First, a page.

By neglecting Ben Franklin’s gospel of thrift, Americans got into trouble.
Let me get this right. We are in a painfully stubborn recession that began in the last years of George W. Bush’s presidency. And, if polls are right, President Obama, in office less than 21 months, is soon to be punished by voters who want to saddle him with a new, vindictive Republican Congress in November, committed to obstructing and blocking every White House initiative.
Huzzah! Let’s elect a GOP House and Senate, abolish federal taxes, and bankrupt the American Republic.
After the 1929 stock market crash, it took 11 or 12 years to pull the country out of the Great Depression. Poor Mr. Obama! He’s been given less than two years to perform some economic alchemy. Time’s up, Obama! Americans demand instant gratification after their binges.
Our sullen American electorate simply requires someone to blame, regardless of culpability. Today even my many Republican friends are flailing George W. Bush for running the US economy into the ground. Conveniently, they overlook the fact that they twice voted for Bush. Now they want to take out their frustration on Obama. We have become a mob exulting in political nihilism.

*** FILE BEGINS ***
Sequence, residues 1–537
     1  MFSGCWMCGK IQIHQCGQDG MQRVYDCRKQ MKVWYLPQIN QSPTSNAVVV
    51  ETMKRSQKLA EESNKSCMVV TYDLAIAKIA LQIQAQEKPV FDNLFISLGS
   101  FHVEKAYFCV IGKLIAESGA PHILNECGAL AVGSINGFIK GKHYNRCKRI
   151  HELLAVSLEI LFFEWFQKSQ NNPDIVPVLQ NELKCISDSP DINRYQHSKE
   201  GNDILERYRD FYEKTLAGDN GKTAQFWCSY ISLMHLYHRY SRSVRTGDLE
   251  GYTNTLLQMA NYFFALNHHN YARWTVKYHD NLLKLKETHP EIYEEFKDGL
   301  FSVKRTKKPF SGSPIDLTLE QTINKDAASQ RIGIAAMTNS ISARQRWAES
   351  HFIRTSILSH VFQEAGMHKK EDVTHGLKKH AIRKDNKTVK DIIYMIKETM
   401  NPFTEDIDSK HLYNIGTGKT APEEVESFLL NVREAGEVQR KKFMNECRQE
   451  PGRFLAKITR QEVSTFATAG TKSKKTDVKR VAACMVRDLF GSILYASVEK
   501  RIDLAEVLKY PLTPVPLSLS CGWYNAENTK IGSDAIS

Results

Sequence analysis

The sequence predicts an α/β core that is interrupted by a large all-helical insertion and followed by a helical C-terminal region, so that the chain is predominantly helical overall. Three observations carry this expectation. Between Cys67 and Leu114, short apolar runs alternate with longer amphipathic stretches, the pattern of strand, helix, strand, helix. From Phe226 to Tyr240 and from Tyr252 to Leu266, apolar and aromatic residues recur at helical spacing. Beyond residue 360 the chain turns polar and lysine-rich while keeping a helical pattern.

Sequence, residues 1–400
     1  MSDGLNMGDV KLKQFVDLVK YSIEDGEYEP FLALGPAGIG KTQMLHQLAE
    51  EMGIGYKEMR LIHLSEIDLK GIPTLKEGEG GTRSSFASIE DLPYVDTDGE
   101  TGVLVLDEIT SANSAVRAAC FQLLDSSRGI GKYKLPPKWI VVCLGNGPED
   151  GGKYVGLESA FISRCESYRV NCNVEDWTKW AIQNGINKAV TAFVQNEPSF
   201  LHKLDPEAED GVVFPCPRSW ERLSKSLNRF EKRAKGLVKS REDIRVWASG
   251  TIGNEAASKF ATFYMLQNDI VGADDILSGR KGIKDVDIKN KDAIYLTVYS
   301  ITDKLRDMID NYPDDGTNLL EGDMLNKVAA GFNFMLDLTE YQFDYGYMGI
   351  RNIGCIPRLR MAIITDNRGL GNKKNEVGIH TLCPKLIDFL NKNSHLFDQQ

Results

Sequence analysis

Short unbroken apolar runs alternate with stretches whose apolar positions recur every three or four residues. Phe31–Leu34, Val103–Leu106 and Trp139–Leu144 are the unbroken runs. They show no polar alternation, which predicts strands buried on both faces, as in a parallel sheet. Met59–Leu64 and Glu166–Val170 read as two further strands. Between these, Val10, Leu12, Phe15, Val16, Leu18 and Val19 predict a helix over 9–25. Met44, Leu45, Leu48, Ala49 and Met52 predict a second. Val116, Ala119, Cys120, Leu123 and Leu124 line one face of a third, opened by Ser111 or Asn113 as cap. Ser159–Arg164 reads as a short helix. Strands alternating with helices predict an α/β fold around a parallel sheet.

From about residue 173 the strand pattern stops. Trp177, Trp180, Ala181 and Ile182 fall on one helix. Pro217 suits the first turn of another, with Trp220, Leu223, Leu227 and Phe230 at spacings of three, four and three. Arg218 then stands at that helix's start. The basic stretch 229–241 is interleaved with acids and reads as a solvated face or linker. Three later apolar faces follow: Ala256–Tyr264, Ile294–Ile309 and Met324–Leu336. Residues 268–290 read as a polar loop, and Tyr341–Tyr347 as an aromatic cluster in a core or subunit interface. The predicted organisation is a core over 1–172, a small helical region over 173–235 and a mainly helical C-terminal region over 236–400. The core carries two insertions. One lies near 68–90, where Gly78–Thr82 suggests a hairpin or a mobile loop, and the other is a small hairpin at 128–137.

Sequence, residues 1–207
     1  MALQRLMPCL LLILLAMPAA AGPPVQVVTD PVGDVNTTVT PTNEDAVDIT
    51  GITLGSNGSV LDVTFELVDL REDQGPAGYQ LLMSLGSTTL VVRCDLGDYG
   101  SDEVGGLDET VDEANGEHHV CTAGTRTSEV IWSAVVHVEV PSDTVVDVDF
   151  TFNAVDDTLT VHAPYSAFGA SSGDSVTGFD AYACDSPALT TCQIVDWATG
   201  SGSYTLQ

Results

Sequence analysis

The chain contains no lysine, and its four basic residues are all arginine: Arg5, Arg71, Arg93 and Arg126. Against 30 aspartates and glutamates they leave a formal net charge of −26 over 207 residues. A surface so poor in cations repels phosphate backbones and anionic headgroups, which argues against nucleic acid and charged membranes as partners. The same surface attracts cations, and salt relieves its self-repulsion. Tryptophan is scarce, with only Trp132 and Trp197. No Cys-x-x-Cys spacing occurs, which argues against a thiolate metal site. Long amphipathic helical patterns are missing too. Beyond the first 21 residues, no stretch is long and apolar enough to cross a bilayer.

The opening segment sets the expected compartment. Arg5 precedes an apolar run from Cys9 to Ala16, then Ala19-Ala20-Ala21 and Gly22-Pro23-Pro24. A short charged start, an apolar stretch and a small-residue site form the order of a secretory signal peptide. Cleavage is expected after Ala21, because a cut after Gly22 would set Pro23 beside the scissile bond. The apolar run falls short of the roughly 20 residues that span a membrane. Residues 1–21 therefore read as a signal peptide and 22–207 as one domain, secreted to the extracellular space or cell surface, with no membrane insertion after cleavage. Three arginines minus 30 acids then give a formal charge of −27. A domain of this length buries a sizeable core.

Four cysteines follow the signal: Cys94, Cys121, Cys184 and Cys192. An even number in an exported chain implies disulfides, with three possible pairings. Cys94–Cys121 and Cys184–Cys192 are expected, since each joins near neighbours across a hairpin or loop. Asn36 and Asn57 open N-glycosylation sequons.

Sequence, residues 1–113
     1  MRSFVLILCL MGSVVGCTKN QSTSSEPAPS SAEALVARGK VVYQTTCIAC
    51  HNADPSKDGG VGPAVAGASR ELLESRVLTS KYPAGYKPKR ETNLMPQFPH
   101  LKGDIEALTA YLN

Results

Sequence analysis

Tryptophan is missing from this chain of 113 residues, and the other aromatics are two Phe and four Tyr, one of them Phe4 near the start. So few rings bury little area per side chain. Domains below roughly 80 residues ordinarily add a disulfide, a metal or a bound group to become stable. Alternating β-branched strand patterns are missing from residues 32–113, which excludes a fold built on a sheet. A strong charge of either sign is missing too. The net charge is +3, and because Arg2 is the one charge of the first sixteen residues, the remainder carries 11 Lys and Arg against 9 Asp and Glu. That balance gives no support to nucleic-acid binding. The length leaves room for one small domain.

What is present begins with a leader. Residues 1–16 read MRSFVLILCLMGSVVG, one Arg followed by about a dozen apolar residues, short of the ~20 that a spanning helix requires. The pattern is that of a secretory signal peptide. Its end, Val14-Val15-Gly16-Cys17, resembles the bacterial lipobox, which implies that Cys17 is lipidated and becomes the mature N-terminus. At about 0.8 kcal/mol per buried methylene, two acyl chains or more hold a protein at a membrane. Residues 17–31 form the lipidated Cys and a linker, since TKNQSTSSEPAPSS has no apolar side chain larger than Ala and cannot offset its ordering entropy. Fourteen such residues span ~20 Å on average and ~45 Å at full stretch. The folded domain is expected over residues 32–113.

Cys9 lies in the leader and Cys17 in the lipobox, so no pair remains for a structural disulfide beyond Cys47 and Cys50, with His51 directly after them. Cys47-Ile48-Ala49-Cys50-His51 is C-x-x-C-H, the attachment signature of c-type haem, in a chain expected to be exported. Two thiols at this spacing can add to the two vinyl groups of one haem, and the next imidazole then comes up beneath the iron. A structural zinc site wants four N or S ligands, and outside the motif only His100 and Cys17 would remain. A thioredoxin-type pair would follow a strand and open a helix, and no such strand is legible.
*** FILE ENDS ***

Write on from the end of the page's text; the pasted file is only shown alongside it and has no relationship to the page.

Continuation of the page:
Yet blaming the “Bush leaguers” no longer serves any useful purpose. The blame game creates no new jobs for the millions out of work.
Let historians judge Bush’s economic stewardship. Now is the time for the rest of us to immerse ourselves in political truth-telling – reminding ourselves, as Pogo said, “We have met the enemy and he is us.”
As part of their poisonous recriminations, Americans indict avaricious Wall Street brokers and bankers while failing to acknowledge that they were willing feeders at the trough. Home buyers and investors have been no less greedy and dishonest than the Wall Street titans they castigate. Remember the popular “liar loans” that required no documentation of income to obtain a home mortgage? It took two to sign those forms. And do you recall the exotic bank investments that imploded two years ago? Someone gave them the money to gamble – it was us.
While I was out sailing earlier this month with a much chastened Republican friend who has watched his portfolio atrophy, he confessed he had invested far too heavily in high-risk stocks.